Slow grid connections and delays over the issuing of permits risk holding back the development of renewable energy in the UK and further afield, the boss of Abu Dhabi renewable energy group Masdar has warned.
Mohamed Al Ramahi, chief executive of the state-backed company, said the group faced a struggle to “execute as fast as we want to” as it eyes new wind, solar and battery projects around the world.
His comments echo other developers, such as National Grid, that have warned about practical and bureaucratic hurdles getting in the way of new infrastructure such as electricity cables and wind turbines.
Masdar has set a target of growing its portfolio of clean energy projects from 20GW at the end of last year to 100GW by 2030 — potentially enough to power as many as 100mn homes.
The group was set up by the UAE government in 2006 as part of efforts to diversify from oil. As of December 2022, it is owned by Abu Dhabi’s Taqa, Mubadala and Adnoc (Abu Dhabi National Oil Company).
It has developed a global portfolio of projects such as wind, solar and energy from waste plants, in areas including the US, Egypt and Australia.
In the UK, its investments include the London Array wind farm off the Kent coast, in which it has a 20 per cent stake.
Masdar bought UK battery developer Arlington Energy in 2022, and says it plans to invest £1bn in battery storage technology in Britain.
“We have the right solutions and technologies . . . The real issue we face is the ability to execute as fast as we want to, in the UK and elsewhere,” said Al Ramahi.
He was speaking to the Financial Times from Abu Dhabi after signing a deal with the UK’s Octopus Energy to license its Kraken technology to help manage its portfolio of batteries in the UK.
Kraken will help Masdar choose the best times to discharge or store power from the batteries, depending on demand and supply on the electricity grid. There is growing demand for batteries to help smooth out intermittent wind and solar power supplies.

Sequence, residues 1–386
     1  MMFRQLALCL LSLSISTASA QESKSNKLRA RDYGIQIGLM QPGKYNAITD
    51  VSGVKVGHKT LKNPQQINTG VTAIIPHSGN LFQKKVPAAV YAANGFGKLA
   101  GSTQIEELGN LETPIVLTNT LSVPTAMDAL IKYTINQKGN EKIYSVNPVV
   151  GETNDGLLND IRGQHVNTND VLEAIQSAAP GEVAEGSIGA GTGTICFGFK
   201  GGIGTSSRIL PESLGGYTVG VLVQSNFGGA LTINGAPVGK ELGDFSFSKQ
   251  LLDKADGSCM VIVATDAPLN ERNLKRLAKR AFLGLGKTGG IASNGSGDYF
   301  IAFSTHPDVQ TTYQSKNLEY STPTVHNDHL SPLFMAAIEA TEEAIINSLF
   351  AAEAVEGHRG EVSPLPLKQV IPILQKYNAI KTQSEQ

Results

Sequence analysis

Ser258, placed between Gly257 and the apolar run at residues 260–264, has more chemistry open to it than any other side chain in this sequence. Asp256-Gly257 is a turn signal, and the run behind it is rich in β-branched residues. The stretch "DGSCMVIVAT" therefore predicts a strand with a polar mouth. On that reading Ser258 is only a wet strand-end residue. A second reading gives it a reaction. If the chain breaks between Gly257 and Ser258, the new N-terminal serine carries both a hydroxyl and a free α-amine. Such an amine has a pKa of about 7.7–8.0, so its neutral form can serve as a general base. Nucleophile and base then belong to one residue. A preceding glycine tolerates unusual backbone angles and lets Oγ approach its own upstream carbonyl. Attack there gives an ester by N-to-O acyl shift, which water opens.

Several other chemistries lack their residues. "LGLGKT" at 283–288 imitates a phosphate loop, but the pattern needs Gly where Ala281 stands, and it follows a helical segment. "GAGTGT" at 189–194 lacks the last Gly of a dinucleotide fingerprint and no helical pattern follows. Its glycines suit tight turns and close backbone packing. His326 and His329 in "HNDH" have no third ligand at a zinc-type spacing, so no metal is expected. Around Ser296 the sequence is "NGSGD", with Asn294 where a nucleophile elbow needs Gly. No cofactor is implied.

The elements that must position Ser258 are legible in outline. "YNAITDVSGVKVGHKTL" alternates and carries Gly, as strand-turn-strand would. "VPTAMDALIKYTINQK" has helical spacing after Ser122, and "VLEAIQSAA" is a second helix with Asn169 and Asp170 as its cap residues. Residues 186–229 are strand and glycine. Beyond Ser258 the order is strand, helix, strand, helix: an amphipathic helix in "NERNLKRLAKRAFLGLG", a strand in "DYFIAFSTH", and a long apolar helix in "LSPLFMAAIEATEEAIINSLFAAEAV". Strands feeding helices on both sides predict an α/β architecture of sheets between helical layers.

“The infrastructure, the ability to connect to the grids, and procedures that have been designed a long time ago. I think those are matters we need to focus on,” Al Ramahi added.
“It’s not specific to the UK. It’s a challenge we all face. If we are serious about decarbonisation, about achieving our renewable energy targets, we need to really think about how we can create the infrastructure, procedures and workflows to allow people like us to move.”
Al Ramahi stressed Masdar was “very committed” to the UK, which will “never change”, and it is growing its presence in the country.
He added he hoped the licensing deal with Octopus would be the start of a wider partnership between the two companies.
Greg Jackson, chief executive of Octopus Energy, echoed Al Ramahi’s comments on barriers to renewable energy.
“Across Europe, including the UK, the barriers in permitting and grid connections mean that even though the capital is sitting there, even though the money and the technologies are ready to go, we’re not able to deploy it to bring benefits to citizens.”
The UK’s Department for Energy Security and Net Zero said: “We want to go further as part of our plans to power up Britain with cleaner, cheaper and more secure homegrown energy.”
The UAE is set to host the COP28 climate summit in Abu Dhabi this year. Climate activists have criticised the decision to appoint Sultan al-Jaber, chief executive of the state oil company Adnoc, as chair of the talks.
Al Ramahi noted Jaber’s role as the founding chief executive, and current chair, of Masdar, arguing the UAE had “been at the forefront of decarbonisation and investing in clean energy”. He added: “It’s triggered from the top. We are committed.”
Masdar has so far invested in or signed up to $30bn in clean energy projects. But the Adnoc board last year accelerated its oil production by bringing forward its capacity expansion to 2027 from 2030 and signed off on $150bn in capital spending over five years to 2027. Adnoc’s capital spending earmarked for “low carbon solutions” stood at just $15bn for the years to 2030.